Background: After normal colonoscopy, the 5-year risk of colorectal neoplasia is sufficiently low for asymptomatic people over 50 years of age. In China, the incidence of colorectal carcinoma of Mongolian people is higher than that of Han people. The aim of this study was to assess the 5-year risk of colorectal neoplasia after normal colonoscopy in asymptomatic Chinese Mongolian population.
Patients and methods: A cohort of asymptomatic Chinese Mongolian people (≥50 years old) were recruited and followed up with colonoscopy 5 years after colonoscopy. Baseline colonoscopy and follow-up colonoscopy findings were categorized based on the most advanced lesions: no adenoma, nonadvanced adenoma, and advanced adenoma. Five-year risk of colorectal neoplasia in these people was assessed according to the rates of no baseline adenoma and advanced adenoma at the end of 5 years.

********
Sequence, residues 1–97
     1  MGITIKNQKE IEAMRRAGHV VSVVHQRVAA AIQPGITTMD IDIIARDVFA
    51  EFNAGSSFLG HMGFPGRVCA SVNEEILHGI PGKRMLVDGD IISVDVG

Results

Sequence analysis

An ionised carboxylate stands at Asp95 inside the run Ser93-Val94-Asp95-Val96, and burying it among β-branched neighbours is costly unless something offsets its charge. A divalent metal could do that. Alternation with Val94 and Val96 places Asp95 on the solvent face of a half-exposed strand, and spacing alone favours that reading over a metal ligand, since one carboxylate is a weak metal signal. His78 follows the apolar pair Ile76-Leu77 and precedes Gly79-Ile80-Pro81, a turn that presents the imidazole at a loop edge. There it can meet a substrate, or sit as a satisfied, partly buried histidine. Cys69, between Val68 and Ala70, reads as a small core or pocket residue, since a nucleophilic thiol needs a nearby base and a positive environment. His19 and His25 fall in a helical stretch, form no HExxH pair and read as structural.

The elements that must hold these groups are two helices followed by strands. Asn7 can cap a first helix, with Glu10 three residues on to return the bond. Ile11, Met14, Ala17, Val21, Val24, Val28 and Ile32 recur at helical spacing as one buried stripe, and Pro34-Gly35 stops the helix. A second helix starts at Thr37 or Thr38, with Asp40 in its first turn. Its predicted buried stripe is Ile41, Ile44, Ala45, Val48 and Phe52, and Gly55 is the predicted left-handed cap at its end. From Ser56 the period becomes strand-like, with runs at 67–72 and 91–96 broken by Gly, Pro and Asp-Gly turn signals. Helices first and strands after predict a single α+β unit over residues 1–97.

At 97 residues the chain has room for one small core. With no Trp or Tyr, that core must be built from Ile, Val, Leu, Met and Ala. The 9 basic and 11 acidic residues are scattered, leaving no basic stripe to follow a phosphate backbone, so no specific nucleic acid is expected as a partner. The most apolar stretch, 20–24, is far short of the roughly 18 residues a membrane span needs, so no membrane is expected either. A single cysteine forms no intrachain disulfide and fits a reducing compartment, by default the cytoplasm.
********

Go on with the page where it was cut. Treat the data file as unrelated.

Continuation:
Results: A total of 480 of the 538 recruited people underwent follow-up colonoscopy at the end of 5 years. In people with no baseline adenoma, 27.3 % (82/301) was found to have any adenoma, and 1.7 % had advanced adenoma at follow-up colonoscopy. The risk of an advanced adenoma did not differ significantly between people with no adenoma at baseline and those with nonadvanced adenoma (relative risk (RR), 1.06; 95 % confidence interval (CI), 0.19-6.07). Advanced adenoma at baseline colonoscopy was the independent risk factor for advanced adenoma recurrence, compared with no adenoma at baseline (RR, 8.25; 95 % CI, 1.90-35.77).
Conclusion: The risk of advanced adenoma is low 5 years after the normal baseline colonoscopy, even in asymptomatic Chinese Mongolian population over 50 years of age.